Okay, before y'all get too comfy on this here farm blog, adoring our cute-as-pie, egg-laying, pet chickens, let's have a reality check:
We love chickens!
We also eat chickens.
Don't worry folks, we don't eat our pet chickens!
Our pet egg-layer chickens live good lives. When we started keeping those chickens, we started contemplating the lives of other chickens. Specifically, the ones we eat.
We heard terrible things about factory farms and the poor quality of life the chickens endure on those farms. Not to mention the icky things that go into those chickens - things I do not want to eat.
As a result of this knowlege, we started eating less and less factory-farmed chicken. Our chicken started getting more and more expensive. I was openly mocked at work for buying a $23 chicken from Soul Food Farms ($23 does seem like a lot of money for one chicken, even if it WAS delicious).
In early 2010 I started lurking in the "meat birds ETC" section of the forum on backyardchickens.com, and browsing tutorials on YouTube.
In April 2011 we picked up seven Cornish Cross chickens from the local feed store. I had been contemplating the best, most humane way to kill a chicken for many months now, and it was looming large in my mind.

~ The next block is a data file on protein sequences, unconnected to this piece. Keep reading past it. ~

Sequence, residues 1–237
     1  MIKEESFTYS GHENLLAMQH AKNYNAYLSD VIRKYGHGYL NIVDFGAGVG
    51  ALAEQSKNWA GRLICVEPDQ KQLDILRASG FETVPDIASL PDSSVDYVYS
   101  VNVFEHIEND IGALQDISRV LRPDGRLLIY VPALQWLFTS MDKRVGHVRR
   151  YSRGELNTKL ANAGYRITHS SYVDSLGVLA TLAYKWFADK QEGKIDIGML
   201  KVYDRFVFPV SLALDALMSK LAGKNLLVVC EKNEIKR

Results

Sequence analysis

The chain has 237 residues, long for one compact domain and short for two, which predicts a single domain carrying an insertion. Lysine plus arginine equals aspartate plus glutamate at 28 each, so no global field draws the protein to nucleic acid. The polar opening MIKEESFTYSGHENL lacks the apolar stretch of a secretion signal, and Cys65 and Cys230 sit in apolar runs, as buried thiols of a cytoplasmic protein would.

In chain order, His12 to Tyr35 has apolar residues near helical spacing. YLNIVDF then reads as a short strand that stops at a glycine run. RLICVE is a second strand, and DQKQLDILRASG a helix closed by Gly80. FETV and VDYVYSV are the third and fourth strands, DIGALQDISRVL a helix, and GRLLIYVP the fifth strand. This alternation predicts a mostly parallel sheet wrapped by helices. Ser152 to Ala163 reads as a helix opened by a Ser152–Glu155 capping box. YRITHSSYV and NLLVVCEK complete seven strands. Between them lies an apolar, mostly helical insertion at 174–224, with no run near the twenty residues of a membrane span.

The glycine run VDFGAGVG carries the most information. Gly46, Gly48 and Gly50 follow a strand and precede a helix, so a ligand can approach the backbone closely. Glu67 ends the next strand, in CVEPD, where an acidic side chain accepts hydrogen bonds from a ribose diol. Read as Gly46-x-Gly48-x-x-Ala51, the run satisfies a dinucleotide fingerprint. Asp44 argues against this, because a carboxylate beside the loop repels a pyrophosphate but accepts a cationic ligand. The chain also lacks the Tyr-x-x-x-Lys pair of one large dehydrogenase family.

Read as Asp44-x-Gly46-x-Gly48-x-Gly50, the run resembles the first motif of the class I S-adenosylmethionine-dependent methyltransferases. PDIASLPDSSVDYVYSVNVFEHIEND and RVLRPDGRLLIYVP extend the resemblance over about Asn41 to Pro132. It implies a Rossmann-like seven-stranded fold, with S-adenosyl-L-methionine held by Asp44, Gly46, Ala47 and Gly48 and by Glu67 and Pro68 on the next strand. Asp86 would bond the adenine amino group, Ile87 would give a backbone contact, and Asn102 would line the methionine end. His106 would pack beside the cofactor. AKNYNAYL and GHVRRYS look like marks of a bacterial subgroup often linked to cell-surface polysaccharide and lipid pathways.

Book learning and online education were great, but it helped even more to have some local farmers SHOW us how.
Rachel and Tom from Dog Island Farm came over and graciously taught us how to process chickens (We were very nervous). I can't recommend this enough - if you are urban farming - connect with other local people who are doing what you do, to share skills and resources. Don't be shy! Send that email, knock on that door, stop and talk to your neighbor when you see him out in the yard, join the local bee club, etc.
Okay, back to the meaties (as we affectionately call them). We do not name them individually. We DO name them as a group to remind us of their ultimate purpose. The first batch was named "Delicious". The second batch was named "Tasty". Our third and current batch is named "Succulent".
We pet them and talk to them every day. We could have as little contact as possible to spare our emotions, but that is not what this experiment is about. This experiment is about knowing and respecting our meat. Handling the meat birds frequently reduces stress for them on butchering day, because we don't have to chase them to catch them.
We are not "saying grace" kind of people, but because of this chicken raising effort, we now say "Thank you, chicken!" before starting every chicken meal. I can understand the $23 price tag now.
If I were a farmer depending on eggs and/or meat for income, I would not have had the luxury to "grandmother in" my six egg-layers as pets. I promised those six chickens they could stay forever, and a promise is a promise, even when the dorky, novice farmer doesn't know any better.
Next week: Back to the cute-as-pie pet chickens.